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In remarks immediately following the vote, US Ambassador to the UN Susan Rice said the vote "does not establish that Palestine is a state."
In a swift vote on Thursday, the UN General Assembly voted overwhelmingly to recognize the Palestinian Authority as a non-member state, giving strong symbolic backing to Palestinian bids for full recognition on the world stage.
“An important vote has taken place today,” UN Secretary-General Ban Ki-moon said following the vote. “I believe that the Palestinians have a right to their own independent state,” he continued, adding, “Today’s vote underscores the urgency of a resumption of meaningful negotiations” with Israel.
The change in Palestinian status from a permanent observer "entity" to a non-member state at the UN comes after past failed attempts for the new moniker. The status was awarded with 138 votes in favor, nine votes against, and 41 abstentions.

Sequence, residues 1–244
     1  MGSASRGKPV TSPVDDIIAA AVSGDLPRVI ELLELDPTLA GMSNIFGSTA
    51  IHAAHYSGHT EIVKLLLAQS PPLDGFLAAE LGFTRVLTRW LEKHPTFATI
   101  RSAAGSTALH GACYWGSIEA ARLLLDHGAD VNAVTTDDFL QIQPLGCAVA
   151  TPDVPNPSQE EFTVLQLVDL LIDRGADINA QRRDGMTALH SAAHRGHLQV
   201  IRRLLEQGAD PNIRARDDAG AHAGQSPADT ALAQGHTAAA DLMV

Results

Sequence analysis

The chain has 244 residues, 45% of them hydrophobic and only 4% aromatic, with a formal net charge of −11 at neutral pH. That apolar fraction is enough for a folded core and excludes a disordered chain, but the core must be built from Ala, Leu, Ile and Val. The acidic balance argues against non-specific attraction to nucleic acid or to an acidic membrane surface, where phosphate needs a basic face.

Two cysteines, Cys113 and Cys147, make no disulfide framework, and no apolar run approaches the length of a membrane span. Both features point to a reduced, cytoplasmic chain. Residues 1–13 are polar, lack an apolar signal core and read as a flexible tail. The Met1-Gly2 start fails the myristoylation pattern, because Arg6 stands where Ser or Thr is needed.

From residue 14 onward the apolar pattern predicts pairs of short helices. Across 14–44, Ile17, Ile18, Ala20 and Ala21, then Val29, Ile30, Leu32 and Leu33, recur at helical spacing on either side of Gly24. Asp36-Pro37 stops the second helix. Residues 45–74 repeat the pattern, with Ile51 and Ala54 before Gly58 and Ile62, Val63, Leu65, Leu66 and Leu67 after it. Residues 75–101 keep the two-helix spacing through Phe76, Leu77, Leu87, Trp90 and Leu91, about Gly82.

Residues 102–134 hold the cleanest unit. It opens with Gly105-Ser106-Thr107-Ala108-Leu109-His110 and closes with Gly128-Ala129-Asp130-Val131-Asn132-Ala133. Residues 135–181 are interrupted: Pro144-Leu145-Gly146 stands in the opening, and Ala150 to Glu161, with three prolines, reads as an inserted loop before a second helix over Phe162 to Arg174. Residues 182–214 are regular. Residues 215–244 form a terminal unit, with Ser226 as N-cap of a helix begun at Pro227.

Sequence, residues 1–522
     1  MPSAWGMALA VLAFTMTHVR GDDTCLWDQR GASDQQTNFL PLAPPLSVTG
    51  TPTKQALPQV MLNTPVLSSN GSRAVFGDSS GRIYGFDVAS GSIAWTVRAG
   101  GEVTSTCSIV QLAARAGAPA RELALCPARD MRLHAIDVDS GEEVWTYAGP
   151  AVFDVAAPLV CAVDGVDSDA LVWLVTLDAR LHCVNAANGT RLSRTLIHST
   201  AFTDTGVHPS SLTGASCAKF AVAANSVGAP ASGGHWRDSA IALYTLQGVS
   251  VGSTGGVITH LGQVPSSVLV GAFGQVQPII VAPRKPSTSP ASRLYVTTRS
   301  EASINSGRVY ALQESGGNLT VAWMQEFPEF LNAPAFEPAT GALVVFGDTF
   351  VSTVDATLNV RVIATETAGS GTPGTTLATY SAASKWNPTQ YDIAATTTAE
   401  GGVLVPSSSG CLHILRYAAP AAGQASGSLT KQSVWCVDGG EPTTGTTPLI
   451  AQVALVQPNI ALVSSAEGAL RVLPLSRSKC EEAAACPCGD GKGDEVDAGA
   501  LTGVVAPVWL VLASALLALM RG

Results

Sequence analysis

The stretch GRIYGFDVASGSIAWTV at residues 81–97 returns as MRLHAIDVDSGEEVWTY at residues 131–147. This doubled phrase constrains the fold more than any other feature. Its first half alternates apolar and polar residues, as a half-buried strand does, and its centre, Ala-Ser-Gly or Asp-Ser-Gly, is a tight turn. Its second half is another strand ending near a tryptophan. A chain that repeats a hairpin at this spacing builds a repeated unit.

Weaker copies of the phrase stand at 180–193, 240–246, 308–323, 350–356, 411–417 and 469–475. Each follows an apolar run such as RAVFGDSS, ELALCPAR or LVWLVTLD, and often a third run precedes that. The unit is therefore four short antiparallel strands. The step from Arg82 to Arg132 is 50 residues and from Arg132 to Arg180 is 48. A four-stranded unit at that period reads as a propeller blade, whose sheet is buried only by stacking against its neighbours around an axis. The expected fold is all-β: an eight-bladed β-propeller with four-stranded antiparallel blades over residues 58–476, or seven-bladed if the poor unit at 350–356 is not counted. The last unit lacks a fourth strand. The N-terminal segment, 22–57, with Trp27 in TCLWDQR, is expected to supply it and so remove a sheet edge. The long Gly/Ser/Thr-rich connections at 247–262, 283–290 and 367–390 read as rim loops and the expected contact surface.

As anticipated, the United States cast one of the highest-profile votes against the change.
"We have always been clear that only through direct negotiations between the parties" can a two-state solution be acheived, US Ambassador to the UN Susan Rice told the General Assembly after the vote.
Rice went on to contend that the vote "should not be misconstrued" and "does not establish that Palestine is a state."
Others who voted against the bid included Canada, the Czech Republic, Marshall Islands, Micronesia, Nauru, Palau and Panama, according to the Associated Press.
More from GlobalPost: Europe divided over Palestinian UN bid
European countries were divided over the proposed change in the Palestinian Authority's status. France was especially vocal in favor of it, while Germany, after deep soul searching, decided first to oppose the bid, then finally to abstain. Britain, sitting on the fence between its loyalties to the US and relationships with its own neighbors, also abstained.
"Although European countries strongly support a two-state solution to the crisis, several major powers say they’re concerned granting the Palestinians the title of non-member observer state is premature," GlobalPost's Barry Neild wrote from London.
Meanwhile, GlobalPost's correspondent in Israel, Noga Tarnopolsky, said the decision will have little to no effect on the ground in Palestine.
More from GlobalPost: The pointless Palestinian UN bid
What will the Palestinian Authority be able to do with its new status? Concern has centered around the possibility that it may be empowered to take Israel to the International Criminal Court for alleged war crimes. More on that from GlobalPost's Priyanka Boghani, here.